Fixation Suppression Test

Action. Ask the patient to fixate on his or her own index finger held out in front at arm's length. Unlock the examination chair and rotate the patient up to 2 Hz while the patient stares at the finger moving with them. The examiner observes for a decrease in the visual-vestibular nystagmus that is evoked during rotation without ocular fixation.

Interpretation. The modulation of nystagmus invoked by rotation is a CNS phenomenon heavily dependent on the cerebellar flocculus. Failure of fixation suppression in the presence of adequate visual acuity implies floccular dysfunction. This test is similar in nature to the fixation suppression performed after caloric stimulation during electro-oculography.

Head Thrust Test (Head Impulse Test)

Action. Ask the patient to fixate on a target on the wall in front of the patient while the examiner moves the patient's head rapidly (>2000 deg/sec2) to each side. The examiner looks for any movement of the pupil during the head thrust and a refixation saccade back to the target (Fig. 2). Either direct observation of pupillary movement or the use of an ophthalmoscope is employed to document eye movement.

Interpretation. Introduced by Halmagyi and Curthoys[5] in 1988, the head impulse test was described as a reliable sign of reduced vestibular function in the plane of rotation for the ear ipsilateral to the head thrust. The observation of eye movement during the maneuver is a sign of decreased neural input from the ipsilateral ear to the vestibulo-ocular reflex (VOR) because the contralateral ear is in inhibitory "saturation" and cannot supply enough neural activity to stabilize gaze. In such instances, the eye travels with the head during the high-velocity movement, and a refixation saccade is necessary to refoveate the target. Bilateral refixation movements are seen frequently in cases of ototoxicity.

Postheadshake Nystagmus

Action. Tilt the head of the patient forward 30 degrees and shake the head in the horizontal plane at 2 Hz for 20 seconds. Observe for postheadshake nystagmus and note direction and any reversal. Fresnel lenses are preferred to avoid fixation (Fig. 3). The maneuver may be repeated in the vertical direction.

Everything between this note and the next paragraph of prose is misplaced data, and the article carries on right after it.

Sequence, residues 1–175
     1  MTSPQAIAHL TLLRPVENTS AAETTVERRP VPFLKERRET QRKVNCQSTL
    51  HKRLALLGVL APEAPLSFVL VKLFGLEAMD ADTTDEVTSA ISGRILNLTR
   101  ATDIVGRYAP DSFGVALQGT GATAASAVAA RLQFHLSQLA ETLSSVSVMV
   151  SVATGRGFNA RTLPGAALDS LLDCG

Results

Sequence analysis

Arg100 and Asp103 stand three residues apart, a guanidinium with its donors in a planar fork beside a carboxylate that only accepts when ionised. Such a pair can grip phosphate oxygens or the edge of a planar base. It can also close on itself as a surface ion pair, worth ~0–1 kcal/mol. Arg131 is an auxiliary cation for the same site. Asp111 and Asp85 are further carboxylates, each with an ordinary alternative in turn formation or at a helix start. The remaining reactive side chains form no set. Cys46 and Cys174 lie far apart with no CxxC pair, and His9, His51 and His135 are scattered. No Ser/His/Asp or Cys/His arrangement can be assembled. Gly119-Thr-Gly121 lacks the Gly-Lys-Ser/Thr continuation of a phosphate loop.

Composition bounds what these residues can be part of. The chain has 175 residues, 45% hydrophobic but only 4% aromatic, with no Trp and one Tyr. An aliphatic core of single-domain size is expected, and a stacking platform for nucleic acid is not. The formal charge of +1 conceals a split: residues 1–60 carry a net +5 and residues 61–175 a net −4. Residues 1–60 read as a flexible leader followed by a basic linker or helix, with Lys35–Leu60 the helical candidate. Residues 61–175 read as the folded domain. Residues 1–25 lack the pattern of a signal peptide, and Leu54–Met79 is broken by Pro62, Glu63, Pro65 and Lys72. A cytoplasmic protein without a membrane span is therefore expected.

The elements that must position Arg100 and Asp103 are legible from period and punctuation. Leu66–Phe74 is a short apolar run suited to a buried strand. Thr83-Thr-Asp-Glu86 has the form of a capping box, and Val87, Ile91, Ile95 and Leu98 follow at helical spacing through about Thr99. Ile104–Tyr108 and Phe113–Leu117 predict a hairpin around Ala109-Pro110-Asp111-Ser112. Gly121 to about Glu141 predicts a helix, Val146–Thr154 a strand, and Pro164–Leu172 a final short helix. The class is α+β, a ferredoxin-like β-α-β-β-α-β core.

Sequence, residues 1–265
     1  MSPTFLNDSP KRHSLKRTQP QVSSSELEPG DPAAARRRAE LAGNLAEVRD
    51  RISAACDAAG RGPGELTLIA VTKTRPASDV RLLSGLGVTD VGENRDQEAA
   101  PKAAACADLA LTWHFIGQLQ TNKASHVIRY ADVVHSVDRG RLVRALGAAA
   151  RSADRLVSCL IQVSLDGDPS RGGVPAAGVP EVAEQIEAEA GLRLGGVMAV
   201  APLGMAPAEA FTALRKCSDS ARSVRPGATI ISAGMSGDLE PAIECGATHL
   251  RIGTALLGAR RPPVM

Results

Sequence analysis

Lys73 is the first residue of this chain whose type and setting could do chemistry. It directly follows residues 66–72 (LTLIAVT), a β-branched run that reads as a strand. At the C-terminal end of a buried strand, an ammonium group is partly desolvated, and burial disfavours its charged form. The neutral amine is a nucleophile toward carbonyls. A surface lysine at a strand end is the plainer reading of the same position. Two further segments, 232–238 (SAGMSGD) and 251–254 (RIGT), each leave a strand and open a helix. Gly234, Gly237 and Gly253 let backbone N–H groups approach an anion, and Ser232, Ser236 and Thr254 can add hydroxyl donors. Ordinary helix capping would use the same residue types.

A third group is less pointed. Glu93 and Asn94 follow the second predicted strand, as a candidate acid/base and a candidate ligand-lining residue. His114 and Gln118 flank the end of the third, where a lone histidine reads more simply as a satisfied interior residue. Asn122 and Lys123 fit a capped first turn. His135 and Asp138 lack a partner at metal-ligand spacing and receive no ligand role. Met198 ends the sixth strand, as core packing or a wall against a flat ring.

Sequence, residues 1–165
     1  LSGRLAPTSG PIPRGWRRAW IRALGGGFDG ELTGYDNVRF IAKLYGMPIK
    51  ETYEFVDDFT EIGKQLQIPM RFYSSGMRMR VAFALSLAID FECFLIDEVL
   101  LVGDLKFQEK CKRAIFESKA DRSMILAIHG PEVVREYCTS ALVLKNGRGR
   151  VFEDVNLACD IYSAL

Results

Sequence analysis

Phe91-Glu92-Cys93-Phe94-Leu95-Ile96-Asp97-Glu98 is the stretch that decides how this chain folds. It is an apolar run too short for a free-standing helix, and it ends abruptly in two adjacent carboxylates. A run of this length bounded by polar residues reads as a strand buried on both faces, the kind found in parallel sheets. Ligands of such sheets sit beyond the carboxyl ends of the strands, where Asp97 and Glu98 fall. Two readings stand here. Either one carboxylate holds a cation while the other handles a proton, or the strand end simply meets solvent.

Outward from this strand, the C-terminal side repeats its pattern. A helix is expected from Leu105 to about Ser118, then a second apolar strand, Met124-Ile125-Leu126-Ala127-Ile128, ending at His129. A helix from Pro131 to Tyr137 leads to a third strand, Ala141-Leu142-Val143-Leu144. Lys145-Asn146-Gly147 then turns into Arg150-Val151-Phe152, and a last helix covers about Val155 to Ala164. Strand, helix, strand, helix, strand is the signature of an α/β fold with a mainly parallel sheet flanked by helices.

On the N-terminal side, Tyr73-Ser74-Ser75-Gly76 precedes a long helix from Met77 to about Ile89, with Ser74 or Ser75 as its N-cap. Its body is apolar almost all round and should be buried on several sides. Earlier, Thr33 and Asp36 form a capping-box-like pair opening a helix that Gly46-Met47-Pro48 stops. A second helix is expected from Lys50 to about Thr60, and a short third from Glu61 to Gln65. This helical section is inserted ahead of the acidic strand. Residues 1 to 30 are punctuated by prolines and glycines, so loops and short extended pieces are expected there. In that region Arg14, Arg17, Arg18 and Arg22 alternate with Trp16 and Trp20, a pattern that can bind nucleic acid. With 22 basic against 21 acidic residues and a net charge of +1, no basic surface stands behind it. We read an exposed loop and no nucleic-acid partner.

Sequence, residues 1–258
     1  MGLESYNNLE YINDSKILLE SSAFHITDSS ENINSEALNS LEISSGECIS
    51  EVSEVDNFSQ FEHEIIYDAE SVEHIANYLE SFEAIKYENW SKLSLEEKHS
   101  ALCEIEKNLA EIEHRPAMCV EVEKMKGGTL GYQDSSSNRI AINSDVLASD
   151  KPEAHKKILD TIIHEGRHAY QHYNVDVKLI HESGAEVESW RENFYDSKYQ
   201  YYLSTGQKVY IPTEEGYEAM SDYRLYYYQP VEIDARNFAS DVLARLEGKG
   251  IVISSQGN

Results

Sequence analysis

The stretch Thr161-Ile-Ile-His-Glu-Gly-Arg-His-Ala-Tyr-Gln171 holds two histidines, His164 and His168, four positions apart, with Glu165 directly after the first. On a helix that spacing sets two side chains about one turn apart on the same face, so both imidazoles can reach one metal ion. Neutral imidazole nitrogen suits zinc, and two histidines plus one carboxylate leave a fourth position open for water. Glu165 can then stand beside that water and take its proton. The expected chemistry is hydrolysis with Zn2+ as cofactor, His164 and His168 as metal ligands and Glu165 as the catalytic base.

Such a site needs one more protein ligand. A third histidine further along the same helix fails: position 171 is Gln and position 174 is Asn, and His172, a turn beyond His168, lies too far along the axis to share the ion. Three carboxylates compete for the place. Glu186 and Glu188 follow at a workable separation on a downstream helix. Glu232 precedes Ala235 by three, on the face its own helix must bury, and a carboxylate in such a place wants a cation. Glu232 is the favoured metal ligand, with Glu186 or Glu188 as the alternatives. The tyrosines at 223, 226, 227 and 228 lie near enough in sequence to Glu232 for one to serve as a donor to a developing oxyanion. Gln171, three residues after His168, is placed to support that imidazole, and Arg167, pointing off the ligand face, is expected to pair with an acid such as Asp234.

Interpretation. Postheadshake nystagmus is considered a pathologic sign of imbalance in the vestibular inputs in the plane of rotation.[6] In most instances, a peripheral cause is identified with the nystagmus directed toward the stronger ear. A small reversal phase is sometimes observed. Signs of central etiology include prolonged nystagmus, vertical nystagmus following horizontal headshake ("cross coupling"), and disconjugate nystagmus.

Dynamic Visual Acuity

Action. Ask the patient to read the lowest (smallest) line possible on a Snellen eye chart with best corrected vision (glasses, contact lenses). Repeat the maneuver while passively shaking the patient's head at 2 Hz, and record the number of lines of acuity "lost" during the headshake.

Interpretation. Excessive retinal slippage during head movement is a sign of vestibular dysfunction. In the clinical examination, the most frequent etiology is bilateral vestibular loss related to ototoxicity or aging. Poorly compensated unilateral dysfunction can also cause loss of dynamic visual acuity but is harder to identify with this clinical test. It is important that the examiner shake the patient's head to avoid pauses during which the patient can see the target.

Dix-Hallpike Maneuver

Action. With the examination chair unfolded like a bed, turn the patient's head 45 degrees to one side while seated and rapidly but carefully have the patient recline. Observe the eyes for nystagmus and, if present, note the following five characteristics: latency, direction, fatigue (decrease on repeated maneuvers), habituation (duration), and reversal upon sitting up.

Interpretation. A positive maneuver is diagnostic for benign position vertigo, which is thought to be due to otoconial debris either floating (canalithiasis) or fixed (cupulolithiasis) within the posterior semicircular canal of the undermost ear. Characteristics of classical positioning nystagmus include geotropic torsional direction, brief latency (5 to 20 seconds), decline with repeated positioning, 30 seconds or less duration, and reversal upon arising. Atypical positioning nystagmus may imply either peripheral or central disease.

Positional Tests

Action. Ask the patient to lie still in three positions -- supine, left lateral, and right lateral -- for 30 seconds and observe for nystagmus. Use of Fresnel lenses is recommended.

Interpretation. The presence of a static positional nystagmus is nonlocalizing by itself and must be interpreted in the light of other physical findings. In general, however, vertical positional nystagmus is central in origin, implying cranial-cervical or fourth ventricle origin.

Limb Coordination Tests

Action. Ask the patient to perform a series of coordination tasks such as finger-nose-finger, heel-shin, rapid alternating motion, and fine finger motion (counting on all digits). Observe for dysmetria or dysrhythmia.

Interpretation. The presence of limb dysmetria or dysdiadochokinesia is a useful indicator of cerebellar cortical disease, which may or may not accompany midline or vestibulocerebellar oculomotor dysfunction.